25. The method of claim 24, wherein taking an action comprises:
flagging at least the first subset of the advertisement calls as being associated with suspicious activity on an advertisement exchange or an advertisement network.
26. The method of claim 24, wherein taking an action comprises:
identifying the slice of inventory as being associated with suspicious activity on an advertisement exchange or an advertisement network.
27. The method of claim 1, wherein performing one or more tests on the extracted data comprises:
performing an autocorrelation of variables tests to determine a degree of correlation between clicks rates and one or more of the following: impression frequency, impression recency, and uniform resource locator frequency; and
taking an action based on one or more of the determined degrees of correlation.
28. The method of claim 27, wherein taking an action comprises:
flagging at least the first subset of the advertisement calls as being associated with suspicious activity on an advertisement exchange or an advertisement network if one or more of the determined degrees of correlation satisfies one or more conditions.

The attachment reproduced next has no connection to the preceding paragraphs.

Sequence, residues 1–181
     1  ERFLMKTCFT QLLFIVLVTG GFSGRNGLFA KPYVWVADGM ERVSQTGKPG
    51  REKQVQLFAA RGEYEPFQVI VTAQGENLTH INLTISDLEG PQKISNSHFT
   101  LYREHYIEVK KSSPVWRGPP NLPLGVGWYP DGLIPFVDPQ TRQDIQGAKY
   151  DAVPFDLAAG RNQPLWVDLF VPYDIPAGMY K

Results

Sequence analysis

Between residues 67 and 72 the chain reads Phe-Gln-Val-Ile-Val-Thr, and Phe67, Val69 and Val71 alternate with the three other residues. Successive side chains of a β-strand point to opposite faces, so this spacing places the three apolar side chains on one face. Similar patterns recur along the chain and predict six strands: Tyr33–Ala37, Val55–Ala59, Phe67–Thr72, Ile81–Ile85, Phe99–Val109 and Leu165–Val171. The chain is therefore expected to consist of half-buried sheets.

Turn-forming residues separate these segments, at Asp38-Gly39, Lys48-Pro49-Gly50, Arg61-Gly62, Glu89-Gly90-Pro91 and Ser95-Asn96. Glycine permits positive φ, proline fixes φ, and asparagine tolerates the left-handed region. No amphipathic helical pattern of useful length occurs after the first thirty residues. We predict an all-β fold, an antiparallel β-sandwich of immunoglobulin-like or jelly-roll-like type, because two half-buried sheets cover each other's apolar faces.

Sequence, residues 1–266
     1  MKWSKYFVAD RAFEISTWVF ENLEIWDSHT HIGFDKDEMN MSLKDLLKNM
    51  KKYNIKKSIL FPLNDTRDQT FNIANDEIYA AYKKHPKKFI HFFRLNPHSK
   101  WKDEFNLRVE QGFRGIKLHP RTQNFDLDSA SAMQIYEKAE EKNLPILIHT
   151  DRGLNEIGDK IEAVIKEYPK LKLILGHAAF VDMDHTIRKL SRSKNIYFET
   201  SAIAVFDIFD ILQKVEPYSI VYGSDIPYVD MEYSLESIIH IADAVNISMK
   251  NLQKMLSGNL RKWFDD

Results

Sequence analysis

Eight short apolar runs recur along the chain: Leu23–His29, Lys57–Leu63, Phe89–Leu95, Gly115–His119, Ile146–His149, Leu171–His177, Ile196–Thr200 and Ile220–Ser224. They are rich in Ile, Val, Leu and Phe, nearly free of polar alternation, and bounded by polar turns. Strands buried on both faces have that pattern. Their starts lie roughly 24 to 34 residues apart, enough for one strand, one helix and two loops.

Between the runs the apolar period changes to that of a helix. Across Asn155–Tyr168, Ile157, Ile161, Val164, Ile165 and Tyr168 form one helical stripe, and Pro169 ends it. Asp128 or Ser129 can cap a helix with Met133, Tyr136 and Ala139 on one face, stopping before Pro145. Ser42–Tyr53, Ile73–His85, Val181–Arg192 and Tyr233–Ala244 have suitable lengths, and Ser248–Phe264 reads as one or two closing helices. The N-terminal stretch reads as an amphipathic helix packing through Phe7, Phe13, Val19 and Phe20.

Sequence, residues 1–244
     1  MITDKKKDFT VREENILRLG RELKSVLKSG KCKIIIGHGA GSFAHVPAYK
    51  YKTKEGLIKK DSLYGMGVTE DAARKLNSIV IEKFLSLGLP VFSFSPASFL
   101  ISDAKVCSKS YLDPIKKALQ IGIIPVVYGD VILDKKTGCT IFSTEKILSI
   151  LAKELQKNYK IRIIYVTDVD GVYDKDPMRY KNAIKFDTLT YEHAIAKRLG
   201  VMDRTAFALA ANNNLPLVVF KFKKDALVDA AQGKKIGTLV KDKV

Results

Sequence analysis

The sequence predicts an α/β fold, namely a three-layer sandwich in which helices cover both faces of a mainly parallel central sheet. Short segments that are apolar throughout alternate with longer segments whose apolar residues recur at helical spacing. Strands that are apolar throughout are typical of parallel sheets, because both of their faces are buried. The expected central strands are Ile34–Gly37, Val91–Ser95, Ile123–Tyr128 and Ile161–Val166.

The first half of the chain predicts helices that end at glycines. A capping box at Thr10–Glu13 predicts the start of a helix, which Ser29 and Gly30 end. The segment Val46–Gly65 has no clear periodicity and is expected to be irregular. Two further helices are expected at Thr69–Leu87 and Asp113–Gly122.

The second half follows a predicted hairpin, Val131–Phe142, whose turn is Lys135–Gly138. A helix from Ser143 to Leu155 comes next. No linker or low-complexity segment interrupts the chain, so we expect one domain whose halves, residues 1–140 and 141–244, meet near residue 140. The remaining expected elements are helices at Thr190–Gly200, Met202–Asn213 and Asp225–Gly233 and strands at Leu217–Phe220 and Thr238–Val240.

29. The method of claim 27, wherein taking an action comprises:
identifying a slice of inventory associated with the first subset of the advertisement calls as being associated with suspicious activity on an advertisement exchange or an advertisement network based on one or more of the determined degrees of correlation.
30. The method of claim 1, wherein performing one or more tests on the extracted data comprises:
performing a conditional probabilities test to determine whether a slice of inventory is performing at an extremum of a spectrum with respect to conversions.
31. The method of claim 1, wherein performing one or more tests on the extracted data comprises:
performing an autocorrelation of variables tests to determine a degree of correlation between clicks rates and one or more of the following: impression frequency, impression recency, and uniform resource locator frequency;
performing a conditional probabilities test to determine whether a slice of inventory is performing at an extremum of a spectrum with respect to conversions; and
performing an advertisement type test in which click rates associated with GIF-type advertisements and Flash-type advertisements are examined.
32. The method of claim 31, further comprising: